The Church Of Me
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Kissing in the churchyard, I know a righteous woman

Thursday, August 29, 2002

The Glamorous Life by Sheila E (1984)

"She wears a long fur coat of mink
Even in the summertime
Everybody knows from the coy little wink
The girl's got a lot on her mind

She's got big thoughts, big dreams
And a big brown Mercedes sedan
What I think this girl,
She really wants is to be in love with a man

She wants to lead the Glamorous Life
She don't need a man's touch
She wants to lead the Glamorous Life
But without love it ain't much

She saw him standing in the section marked
'If you have to ask you can't afford it' lingerie
She threw him bread and said make me scream
In the dark what could he say

Boys with small talk and small minds
Really don't impress me in bed
She said I need a man's man baby
Diamonds and furs
Love would only conquer my head

repeat CHORUS

They made haste in the brown sedan
They drove to 55 Secret Street
They made love and by the seventh wave
She knew she had a problem
She thought real love is real scary
Money only pays the rent
Love is forever that's all your life
Love is heaven sent it's glamorous

repeat CHORUS"

A cautionary tale (Madonna's "Material Girl" with added humility) set against, and perhaps negated by, the continuous punctum of the music, which drives the seventh wave like a chariot through the inner wreckage of the heroine's thoughts.

Crucially there is no bassline for most of the song, a signifier for the lack of love in her life; the bass (synth?) eventually enters midrange during the final verse, undulating and undeniably sex-inducing. It is made for movement but (as with her "glamorous" life) too fast for real love (physicail and spiritual) to happen.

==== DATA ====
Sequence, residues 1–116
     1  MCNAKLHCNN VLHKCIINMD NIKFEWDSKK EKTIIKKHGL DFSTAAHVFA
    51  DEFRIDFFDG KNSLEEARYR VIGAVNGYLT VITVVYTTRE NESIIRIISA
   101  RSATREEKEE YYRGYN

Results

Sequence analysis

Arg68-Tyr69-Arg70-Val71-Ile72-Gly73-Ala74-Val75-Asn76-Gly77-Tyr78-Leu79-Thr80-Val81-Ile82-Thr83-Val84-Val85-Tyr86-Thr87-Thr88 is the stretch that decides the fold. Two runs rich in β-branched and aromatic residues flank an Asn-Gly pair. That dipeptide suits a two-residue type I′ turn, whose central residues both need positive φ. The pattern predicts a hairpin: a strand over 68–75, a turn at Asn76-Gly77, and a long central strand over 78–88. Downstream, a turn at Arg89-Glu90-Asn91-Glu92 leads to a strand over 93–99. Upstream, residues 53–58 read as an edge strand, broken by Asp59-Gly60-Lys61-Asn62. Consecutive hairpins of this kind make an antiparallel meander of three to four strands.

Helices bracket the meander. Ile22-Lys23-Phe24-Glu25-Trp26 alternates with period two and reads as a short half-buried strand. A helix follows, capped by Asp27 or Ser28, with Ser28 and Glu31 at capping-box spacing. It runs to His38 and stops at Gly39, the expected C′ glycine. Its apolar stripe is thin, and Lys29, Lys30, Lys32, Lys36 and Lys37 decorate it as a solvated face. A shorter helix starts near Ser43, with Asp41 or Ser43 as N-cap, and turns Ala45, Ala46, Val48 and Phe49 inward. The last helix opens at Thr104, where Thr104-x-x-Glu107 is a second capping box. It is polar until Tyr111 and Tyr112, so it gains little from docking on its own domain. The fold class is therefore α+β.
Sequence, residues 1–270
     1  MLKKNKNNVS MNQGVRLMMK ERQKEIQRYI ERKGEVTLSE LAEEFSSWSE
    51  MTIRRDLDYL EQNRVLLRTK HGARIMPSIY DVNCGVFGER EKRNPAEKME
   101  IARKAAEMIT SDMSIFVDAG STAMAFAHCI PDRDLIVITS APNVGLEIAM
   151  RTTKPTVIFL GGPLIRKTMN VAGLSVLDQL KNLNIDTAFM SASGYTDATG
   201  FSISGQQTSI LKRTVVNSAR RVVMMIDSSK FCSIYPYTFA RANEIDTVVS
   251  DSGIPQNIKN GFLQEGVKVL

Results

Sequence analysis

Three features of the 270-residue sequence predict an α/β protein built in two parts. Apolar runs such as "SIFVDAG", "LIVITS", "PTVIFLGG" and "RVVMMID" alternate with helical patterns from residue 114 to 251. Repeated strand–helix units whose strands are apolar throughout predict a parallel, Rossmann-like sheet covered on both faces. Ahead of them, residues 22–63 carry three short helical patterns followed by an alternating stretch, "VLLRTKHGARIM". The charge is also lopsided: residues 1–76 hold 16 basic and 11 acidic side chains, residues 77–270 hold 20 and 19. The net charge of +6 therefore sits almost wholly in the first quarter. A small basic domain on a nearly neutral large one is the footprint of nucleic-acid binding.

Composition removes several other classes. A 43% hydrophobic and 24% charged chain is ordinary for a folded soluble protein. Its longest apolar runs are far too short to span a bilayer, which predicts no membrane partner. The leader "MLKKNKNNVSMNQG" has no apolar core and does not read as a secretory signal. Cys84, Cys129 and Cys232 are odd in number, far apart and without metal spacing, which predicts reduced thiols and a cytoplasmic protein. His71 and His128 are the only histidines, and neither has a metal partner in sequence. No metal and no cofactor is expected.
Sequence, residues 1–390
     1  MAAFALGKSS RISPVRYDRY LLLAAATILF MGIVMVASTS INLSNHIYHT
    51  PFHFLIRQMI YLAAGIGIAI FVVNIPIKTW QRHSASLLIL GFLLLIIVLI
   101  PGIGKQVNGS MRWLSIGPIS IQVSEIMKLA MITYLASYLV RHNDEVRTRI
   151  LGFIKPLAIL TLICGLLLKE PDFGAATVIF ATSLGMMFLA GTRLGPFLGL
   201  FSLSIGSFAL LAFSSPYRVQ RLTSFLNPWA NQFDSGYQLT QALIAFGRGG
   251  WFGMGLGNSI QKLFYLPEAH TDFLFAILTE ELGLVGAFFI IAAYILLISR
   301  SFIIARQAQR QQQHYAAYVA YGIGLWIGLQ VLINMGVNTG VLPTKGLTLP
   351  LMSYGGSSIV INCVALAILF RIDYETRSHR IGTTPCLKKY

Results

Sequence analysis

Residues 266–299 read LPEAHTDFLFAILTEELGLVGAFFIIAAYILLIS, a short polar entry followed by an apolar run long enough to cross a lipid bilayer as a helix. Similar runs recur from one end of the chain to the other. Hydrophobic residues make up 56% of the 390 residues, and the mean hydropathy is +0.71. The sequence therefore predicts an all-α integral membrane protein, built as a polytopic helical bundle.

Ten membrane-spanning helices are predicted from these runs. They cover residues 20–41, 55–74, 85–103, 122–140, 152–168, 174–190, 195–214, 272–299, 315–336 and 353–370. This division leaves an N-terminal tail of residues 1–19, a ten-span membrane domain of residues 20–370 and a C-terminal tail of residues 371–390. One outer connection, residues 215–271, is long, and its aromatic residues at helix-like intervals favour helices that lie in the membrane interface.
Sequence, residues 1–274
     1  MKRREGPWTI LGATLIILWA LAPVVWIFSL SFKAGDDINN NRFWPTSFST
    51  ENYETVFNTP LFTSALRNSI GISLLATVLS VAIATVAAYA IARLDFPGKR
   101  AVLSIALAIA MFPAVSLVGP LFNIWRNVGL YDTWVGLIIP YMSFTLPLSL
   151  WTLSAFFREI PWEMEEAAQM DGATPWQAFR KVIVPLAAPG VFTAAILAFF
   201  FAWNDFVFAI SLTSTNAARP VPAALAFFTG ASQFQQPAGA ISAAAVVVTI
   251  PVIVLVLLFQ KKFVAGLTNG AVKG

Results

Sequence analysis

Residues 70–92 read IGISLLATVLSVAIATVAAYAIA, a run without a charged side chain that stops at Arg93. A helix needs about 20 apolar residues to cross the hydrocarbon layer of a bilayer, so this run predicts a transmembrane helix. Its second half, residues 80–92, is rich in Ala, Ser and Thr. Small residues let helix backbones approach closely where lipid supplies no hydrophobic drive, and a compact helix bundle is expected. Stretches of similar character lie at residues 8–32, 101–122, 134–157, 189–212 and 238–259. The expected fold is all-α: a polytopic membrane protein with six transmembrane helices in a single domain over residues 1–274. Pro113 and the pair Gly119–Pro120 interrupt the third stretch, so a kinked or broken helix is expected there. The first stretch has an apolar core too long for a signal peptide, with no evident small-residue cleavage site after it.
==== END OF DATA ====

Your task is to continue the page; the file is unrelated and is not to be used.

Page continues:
The tremulous onset of massed percussion overdubs ("Blue Monday" Linn drum hammering undrummable rhythms against the timbales) accentuates her keenness mixed with dread; David Coleman's 'cello moves a crucial shade slower, imploring the heroine to slow the illusion down and let reality in. The "Starr Company"'s crucial midriff is there throughout - the strangely regretful chorus-verse bridge and the defiant escalating minor thirds which augment the final declarations of the chorus. Synths squirt as you would expect; Larry Williams' amazing alto sax squirts as you wouldn't expect - could almost be John Tchicai, squealing freely (and clearly metaphorically).

Of course, the latter provides the crucial key to the bridge between the Ze Records legacy and what Prince then went on to do with it; the sax itself reminds us of James Chance, the lyric matter is very Cristina circa 1980 (and when oh when is Mutant Disco, or No New York for that matter, going to be re-released on CD?) but the drive is that of 1984, en route to its 1990 logical Vogue-ing conclusion.

In some ways "The Glamorous Life" scarcely exists as a song at all. It's an impression of a song. But its punctum is transparently apparent.

posted by Marcello Carlin Permalink
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